Bishop Neal…said there are many chaplains who oppose the change to the military ban on homosexuality, but who will not get the chance to speak up because they are still in the service… Though military chaplains can’t speak up while serving, the Alliance Defense Fund, a conservative Christian legal group, will sue on their behalf if the Senate does not pass the House-approved amendments, according to ADF Senior Counsel Austin Nimocks…
Homosexual advocacy websites have picked up on a rebuttal to the ADF statement by retired US Navy Chaplain (CAPT) John F. Gundlach, a member of a self-designated group of Chaplains working for repeal, calling themselves the Forum on the Military Chaplaincy. (Gundlach is apparently also an Ecclesiastical Endorser of military Chaplains for the United Church of Christ, sometimes described as a “progressive” Protestant denomination.) The retired Chaplain posits that liberal and conservative religious freedoms are in conflict:
Are ADF and the religious groups they represent as willing to defend the same rights and protections for others they claim for themselves? Are they as willing to acknowledge the right of chaplains from gay-friendly denominations to perform gay weddings in military chapels?
Gundlach does not explain from what source he derives a religious right to perform “homosexual weddings,” nor does he assert his denomination is morally or religiously obligated to support specific sexuality. By contrast, the ADF represents groups who do hold to moral and religious tenets on those subjects. Gundlach’s attempt to coattail their religious standing fails.
In perhaps the most shocking statement from the retired Navy Chaplain — whose role in the military was to protect religious freedom for all service members — is his explicit statement that Christians with traditional religious beliefs are bigots:
So where is the threat to religious freedom? And where could their right to free speech be limited? It will no longer be acceptable to speak about fellow gay and lesbian service members in demeaning ways in the workplace and other public settings. The fact that this has ever been acceptable by anyone anywhere, but especially by chaplains, is regrettable.
And chaplains from the religious groups who are now demanding protection from discrimination have been some of the worst offenders. They, and others who agree with them, may continue to think and believe what they want, but outside of those areas where their religious speech is protected, they may now have to keep their bigotry to themselves.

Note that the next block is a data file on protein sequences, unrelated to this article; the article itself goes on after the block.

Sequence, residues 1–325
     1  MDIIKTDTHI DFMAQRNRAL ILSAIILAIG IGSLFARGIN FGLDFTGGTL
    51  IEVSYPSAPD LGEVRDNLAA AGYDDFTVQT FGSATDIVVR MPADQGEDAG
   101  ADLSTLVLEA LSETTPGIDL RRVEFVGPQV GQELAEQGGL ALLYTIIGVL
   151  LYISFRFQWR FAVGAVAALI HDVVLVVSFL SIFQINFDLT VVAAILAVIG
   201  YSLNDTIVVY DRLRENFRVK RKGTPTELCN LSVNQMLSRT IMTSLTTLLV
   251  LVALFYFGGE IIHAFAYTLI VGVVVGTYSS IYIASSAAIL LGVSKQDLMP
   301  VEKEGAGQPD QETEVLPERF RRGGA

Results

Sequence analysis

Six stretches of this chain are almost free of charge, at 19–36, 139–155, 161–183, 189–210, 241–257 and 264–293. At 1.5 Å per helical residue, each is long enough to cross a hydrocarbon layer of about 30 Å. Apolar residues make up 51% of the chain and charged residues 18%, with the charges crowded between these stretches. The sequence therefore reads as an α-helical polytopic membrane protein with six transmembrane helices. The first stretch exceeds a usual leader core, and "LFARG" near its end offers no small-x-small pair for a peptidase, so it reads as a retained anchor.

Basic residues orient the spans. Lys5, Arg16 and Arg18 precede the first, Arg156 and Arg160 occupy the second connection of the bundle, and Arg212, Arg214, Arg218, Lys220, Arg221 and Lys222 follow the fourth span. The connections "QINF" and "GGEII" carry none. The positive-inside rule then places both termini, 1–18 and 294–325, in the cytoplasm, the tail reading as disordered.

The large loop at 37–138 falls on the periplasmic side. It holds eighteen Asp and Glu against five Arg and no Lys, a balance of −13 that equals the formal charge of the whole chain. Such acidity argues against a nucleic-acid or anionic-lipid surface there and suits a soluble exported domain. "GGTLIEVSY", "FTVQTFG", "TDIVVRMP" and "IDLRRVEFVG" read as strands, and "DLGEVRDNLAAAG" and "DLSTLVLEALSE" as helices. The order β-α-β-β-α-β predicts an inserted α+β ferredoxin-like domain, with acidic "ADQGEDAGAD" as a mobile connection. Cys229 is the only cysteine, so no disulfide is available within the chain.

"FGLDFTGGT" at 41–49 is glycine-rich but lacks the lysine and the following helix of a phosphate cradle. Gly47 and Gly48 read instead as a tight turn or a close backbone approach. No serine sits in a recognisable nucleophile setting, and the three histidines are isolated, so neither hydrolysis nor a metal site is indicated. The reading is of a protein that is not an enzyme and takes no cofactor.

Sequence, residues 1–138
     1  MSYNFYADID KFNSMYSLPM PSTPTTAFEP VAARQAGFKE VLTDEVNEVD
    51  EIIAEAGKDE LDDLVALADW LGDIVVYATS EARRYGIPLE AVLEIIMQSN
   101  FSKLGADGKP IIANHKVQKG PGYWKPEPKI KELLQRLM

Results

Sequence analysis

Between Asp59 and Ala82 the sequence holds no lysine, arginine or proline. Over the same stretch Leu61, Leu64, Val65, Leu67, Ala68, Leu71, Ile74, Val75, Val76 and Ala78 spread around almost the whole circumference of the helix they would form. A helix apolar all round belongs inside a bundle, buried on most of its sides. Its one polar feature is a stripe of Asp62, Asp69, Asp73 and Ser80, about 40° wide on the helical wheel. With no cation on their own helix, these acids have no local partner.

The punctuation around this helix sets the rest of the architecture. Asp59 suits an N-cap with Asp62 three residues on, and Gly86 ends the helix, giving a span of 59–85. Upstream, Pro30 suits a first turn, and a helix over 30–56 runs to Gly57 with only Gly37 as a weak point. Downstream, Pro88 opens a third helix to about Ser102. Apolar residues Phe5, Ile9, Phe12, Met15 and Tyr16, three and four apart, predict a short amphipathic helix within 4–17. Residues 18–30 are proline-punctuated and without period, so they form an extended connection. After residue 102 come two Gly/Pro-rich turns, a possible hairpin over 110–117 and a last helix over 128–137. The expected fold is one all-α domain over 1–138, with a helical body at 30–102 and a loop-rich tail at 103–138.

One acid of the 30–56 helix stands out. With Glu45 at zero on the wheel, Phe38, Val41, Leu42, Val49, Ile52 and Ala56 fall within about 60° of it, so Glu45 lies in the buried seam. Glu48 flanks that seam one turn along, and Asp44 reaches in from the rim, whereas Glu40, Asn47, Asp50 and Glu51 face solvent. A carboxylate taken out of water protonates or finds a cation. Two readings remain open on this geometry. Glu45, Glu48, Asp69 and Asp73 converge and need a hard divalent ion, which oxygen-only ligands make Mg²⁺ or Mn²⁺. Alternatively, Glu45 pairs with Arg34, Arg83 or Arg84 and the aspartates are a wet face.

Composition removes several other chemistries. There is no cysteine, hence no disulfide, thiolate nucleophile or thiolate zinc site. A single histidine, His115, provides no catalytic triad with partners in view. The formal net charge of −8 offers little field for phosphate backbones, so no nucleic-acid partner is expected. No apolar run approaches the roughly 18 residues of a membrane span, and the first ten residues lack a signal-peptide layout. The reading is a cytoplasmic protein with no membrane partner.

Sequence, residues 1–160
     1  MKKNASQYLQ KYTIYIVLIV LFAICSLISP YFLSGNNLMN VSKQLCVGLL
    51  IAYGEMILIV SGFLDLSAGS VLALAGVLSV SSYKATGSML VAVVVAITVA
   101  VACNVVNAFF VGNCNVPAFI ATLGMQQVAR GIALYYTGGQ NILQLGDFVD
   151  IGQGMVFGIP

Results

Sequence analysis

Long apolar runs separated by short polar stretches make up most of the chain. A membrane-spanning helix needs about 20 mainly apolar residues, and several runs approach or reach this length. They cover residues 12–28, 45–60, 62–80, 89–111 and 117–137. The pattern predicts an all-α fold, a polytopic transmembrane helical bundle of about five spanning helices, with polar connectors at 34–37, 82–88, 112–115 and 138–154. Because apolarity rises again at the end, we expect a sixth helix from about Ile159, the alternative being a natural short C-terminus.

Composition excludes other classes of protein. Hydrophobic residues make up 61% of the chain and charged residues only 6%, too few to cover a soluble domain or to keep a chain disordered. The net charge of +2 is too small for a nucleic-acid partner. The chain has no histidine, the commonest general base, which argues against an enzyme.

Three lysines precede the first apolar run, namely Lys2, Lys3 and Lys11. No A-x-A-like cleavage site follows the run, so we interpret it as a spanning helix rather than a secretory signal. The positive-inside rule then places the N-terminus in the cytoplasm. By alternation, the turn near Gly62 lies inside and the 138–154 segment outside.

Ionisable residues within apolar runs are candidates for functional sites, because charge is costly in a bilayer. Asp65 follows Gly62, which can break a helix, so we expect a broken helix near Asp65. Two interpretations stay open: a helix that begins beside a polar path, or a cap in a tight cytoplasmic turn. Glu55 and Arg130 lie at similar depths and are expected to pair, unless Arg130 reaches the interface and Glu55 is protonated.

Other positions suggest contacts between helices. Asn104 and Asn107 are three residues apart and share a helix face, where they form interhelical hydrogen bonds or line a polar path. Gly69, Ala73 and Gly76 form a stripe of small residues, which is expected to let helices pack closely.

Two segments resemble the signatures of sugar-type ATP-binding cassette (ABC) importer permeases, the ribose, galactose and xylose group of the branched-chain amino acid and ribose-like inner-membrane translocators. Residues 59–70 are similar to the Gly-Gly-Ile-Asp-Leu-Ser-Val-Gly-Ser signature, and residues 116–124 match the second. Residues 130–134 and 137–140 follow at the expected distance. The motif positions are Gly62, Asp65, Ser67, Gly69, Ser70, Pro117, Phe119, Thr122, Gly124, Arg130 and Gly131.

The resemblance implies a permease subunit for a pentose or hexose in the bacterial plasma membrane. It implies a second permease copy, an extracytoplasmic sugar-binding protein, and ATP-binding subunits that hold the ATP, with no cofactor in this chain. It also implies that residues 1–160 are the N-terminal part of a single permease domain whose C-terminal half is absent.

Perhaps the Army Colonels from Korea could help the US military define what Gundlach means by “demeaning,” if that is to be the standard, but the last sentence is the most interesting.
Pop Quiz: Who has defined “areas where…religious speech is protected” within the military? While an instinctive response might be “the military chapel,” the truth is no one has restricted the location of religious speech in the military to any location. The belief that the military has — or may yet create — such restrictions on religious speech is precisely one of the reasons the ADF is calling for conscience protections.
In his attempt to belittle those with whom he disagrees, Gundlach instead proved their point.
President Obama has declared June to be “Lesbian, Gay, Bisexual, and Transgender Pride Month.”
The story of America’s Lesbian, Gay, Bisexual, and Transgender (LGBT) community is the story of our fathers and sons, our mothers and daughters, and our friends and neighbors…
Last December, I was proud to sign the repeal of the discriminatory “Don’t Ask, Don’t Tell” policy. With this repeal, gay and lesbian Americans will be able to serve openly in our Armed Forces for the first time in our Nation’s history. Our national security will be strengthened and the heroic contributions these Americans make to our military, and have made throughout our history, will be fully recognized.